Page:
Squid could be in trouble as the oceans grow more acidic, new research finds.
As humans pump carbon dioxide into the atmosphere, the oceans absorb about a third of the greenhouse gas. This buffers terrestrial creatures from even more extreme effects of climate change — without the oceans, Earth's atmosphere would contain far more than the approximately 400 parts per million of carbon dioxide that it does today. However, the dissolved carbon dioxide makes the oceans more acidic, possibly affecting thousands of marine species.
Squid, it seems, may be among the most vulnerable, with consequences that could trickle through the marine ecosystem. A new study published today (May 31) in the journal PLOS ONE finds that squid raised in more highly acidified ocean water hatch more slowly and are smaller when they hatch than squid raised in ocean water at today's pH levels. The acid-exposed squid also have abnormal statoliths, which are internal, calcified structures that function like the mammalian inner ear to help squid keep their balance and orient themselves.
"We're worried these guys won't be able to swim and behave properly," study researcher T. Aran Mooney, a biologist at the Woods Hole Oceanographic Institution in Massachusetts, said of the acidified squid. [Release the Kraken! Photos of Giant Squid]
Mooney and his colleagues trawled for Atlantic longfin squid (Doryteuthis pealeii) from the Vineyard Sound off of Massachusetts. The researchers brought the squid to the laboratory and kept some in tanks with a pH of about 8. On the pH scale, 7 is neutral, and 8 slightly basic. The open ocean today has a pH of about 8, which is a decline of about 0.1 pH units since pre-industrial times, an increase in acidification attributable to carbon dioxide produced by humans.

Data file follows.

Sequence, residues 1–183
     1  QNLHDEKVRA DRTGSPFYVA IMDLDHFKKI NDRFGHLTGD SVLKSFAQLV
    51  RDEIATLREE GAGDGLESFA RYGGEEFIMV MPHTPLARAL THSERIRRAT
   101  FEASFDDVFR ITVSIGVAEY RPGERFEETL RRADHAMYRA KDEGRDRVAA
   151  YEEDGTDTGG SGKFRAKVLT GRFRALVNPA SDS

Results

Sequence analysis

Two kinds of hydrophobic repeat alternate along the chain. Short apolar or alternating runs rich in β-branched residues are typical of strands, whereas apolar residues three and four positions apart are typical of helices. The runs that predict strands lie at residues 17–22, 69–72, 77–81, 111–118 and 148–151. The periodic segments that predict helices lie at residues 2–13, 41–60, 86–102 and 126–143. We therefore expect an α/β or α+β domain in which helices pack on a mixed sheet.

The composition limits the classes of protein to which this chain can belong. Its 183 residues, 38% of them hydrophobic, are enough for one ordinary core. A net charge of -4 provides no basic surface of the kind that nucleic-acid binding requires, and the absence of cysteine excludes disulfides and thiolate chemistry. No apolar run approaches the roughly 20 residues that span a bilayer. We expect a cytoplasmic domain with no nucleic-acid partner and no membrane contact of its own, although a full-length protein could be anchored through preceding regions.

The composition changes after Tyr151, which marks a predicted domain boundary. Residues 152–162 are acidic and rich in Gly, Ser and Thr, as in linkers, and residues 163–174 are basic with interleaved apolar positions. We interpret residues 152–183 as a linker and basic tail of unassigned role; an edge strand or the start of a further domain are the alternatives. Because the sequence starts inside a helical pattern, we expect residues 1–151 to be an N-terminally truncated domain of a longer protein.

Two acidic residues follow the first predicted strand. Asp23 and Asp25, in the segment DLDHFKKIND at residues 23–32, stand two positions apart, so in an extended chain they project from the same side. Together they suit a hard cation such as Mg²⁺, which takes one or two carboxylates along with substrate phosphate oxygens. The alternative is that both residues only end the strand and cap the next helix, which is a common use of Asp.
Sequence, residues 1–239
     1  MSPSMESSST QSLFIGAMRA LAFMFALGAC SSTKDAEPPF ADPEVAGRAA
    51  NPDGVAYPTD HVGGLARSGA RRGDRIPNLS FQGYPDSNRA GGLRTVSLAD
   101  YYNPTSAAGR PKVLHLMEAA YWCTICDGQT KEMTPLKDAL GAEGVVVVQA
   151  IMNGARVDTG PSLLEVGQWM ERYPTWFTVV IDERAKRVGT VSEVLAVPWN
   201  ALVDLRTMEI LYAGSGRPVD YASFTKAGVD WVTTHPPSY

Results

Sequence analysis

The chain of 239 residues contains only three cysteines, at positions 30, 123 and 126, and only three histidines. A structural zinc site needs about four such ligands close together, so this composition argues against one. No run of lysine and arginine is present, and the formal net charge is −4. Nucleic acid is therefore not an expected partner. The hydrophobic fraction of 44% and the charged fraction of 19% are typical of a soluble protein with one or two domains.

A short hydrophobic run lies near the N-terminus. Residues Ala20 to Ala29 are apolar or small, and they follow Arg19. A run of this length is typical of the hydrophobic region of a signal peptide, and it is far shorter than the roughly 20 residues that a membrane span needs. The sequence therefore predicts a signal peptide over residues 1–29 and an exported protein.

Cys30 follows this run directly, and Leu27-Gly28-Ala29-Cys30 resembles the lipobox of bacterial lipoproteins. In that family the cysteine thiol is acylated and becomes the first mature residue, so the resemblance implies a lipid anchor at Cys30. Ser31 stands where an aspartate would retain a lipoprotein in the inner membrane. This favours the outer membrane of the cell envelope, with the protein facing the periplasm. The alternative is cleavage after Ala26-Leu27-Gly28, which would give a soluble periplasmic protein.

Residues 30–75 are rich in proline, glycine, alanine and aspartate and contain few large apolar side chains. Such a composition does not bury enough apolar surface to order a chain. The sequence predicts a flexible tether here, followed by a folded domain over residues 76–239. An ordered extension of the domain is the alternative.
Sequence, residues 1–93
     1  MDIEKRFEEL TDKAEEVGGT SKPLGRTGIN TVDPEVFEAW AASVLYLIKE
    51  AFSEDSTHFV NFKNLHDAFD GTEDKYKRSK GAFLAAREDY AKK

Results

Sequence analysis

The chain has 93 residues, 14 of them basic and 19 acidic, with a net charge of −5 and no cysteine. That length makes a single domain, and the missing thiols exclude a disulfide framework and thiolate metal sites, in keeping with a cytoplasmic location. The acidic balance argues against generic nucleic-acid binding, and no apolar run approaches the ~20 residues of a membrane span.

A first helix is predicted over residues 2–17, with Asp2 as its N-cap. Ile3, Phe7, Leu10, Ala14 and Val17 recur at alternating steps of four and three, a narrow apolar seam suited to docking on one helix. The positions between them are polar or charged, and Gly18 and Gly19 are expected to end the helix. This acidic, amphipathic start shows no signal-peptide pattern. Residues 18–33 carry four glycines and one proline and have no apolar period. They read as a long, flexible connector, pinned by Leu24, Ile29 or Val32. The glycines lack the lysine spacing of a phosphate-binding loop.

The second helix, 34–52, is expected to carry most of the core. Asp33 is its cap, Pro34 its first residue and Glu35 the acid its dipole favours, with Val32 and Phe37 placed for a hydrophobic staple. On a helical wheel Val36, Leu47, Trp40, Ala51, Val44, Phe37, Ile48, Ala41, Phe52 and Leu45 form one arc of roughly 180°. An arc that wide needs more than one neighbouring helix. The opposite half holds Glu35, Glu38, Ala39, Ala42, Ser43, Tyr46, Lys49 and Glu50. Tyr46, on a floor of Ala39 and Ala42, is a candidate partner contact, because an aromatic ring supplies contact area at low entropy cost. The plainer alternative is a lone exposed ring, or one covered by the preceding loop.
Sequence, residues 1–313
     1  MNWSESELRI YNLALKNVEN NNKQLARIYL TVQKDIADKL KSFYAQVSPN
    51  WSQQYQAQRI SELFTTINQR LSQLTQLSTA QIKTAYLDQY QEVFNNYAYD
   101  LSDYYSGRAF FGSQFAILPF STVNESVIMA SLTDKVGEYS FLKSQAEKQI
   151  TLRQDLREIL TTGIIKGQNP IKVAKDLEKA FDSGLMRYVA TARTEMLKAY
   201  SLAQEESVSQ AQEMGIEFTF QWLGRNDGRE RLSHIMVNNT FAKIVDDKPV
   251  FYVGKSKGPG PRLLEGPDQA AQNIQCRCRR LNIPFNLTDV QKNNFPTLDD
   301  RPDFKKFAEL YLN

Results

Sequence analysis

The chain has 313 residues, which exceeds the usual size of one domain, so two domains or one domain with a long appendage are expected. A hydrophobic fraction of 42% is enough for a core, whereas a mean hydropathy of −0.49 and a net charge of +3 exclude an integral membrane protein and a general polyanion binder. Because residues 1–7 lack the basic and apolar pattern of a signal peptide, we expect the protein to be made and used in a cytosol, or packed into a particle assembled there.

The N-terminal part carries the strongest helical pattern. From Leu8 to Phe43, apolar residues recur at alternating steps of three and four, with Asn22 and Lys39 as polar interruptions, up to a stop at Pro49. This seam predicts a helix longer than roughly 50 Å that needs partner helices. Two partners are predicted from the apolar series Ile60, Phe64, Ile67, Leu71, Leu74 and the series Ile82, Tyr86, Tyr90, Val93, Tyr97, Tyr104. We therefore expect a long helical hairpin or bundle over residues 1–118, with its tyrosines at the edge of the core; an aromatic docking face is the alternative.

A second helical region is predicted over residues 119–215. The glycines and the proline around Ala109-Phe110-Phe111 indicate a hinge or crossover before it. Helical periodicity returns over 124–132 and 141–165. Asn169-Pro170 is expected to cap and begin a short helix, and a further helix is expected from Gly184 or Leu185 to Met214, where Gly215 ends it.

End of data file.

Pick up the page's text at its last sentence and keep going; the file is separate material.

Researchers kept the rest of the squid in tanks with a more acidic pH of about 7.3. Climate projections suggest the open ocean could reach this level of acidification in about 100 to 200 years, Mooney told LiveScience. In coastal areas, where acidity is more variable, a pH of 7.3 sometimes already occurs.
The researchers allowed the squid to mate and lay eggs in the tanks, and then tracked how long it took those eggs to hatch. The scientists found that squid raised in a more acidic environment developed more slowly, emerging from their eggs about 24 hours later, on average, than the squid placed in normal ocean conditions. The delay is bad news for baby squid, which are defenseless fish-food in their egg stage.
"The longer you're an egg sitting there, the more likely you are to get eaten," Mooney said.
Key to the ecosystem
The squid reared in acidified water were also smaller than normal when they hatched, with an average body length of 0.07 inches (1.78 millimeters) versus 0.071 inches (1.81 millimeters) for squid hatched in normal conditions. That smaller size, again, could make squid more vulnerable to predators, Mooney said. The miniaturized squid might also have a harder time swimming and migrating than their larger brethren.
Finally, the researchers dissected some of the squid at each day of development to examine the stony statoliths that give the animals their equilibrium. The scientists found that the statoliths of acidified squid were irregularly formed and porous, suggesting that the water pH disrupted the development of these structures.
Squid are a keystone of the ocean ecosystem, Mooney said. They're important prey for animals ranging from fish to marine mammals to sea birds. They're also an important food source for humans, who pull about 3 million tons of squid from the ocean each year. Thus, damage to squid populations could reverberate throughout the ocean ecosystem.
The researchers don't yet know, however, what threshold acidification would have to cross to cause damage to squid; nor is it clear how other squid species will react. The next step, Mooney said, is to raise squid in multiple pH levels to figure out the effect of each "dose" of acidification.
"Now we're kind of filling in those gaps," Mooney said.
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Stephanie Pappas is a contributing writer for Live Science, covering topics ranging from geoscience to archaeology to the human brain and behavior. She was previously a senior writer for Live Science but is now a freelancer based in Denver, Colorado, and regularly contributes to Scientific American and The Monitor, the monthly magazine of the American Psychological Association. Stephanie received a bachelor's degree in psychology from the University of South Carolina and a graduate certificate in science communication from the University of California, Santa Cruz.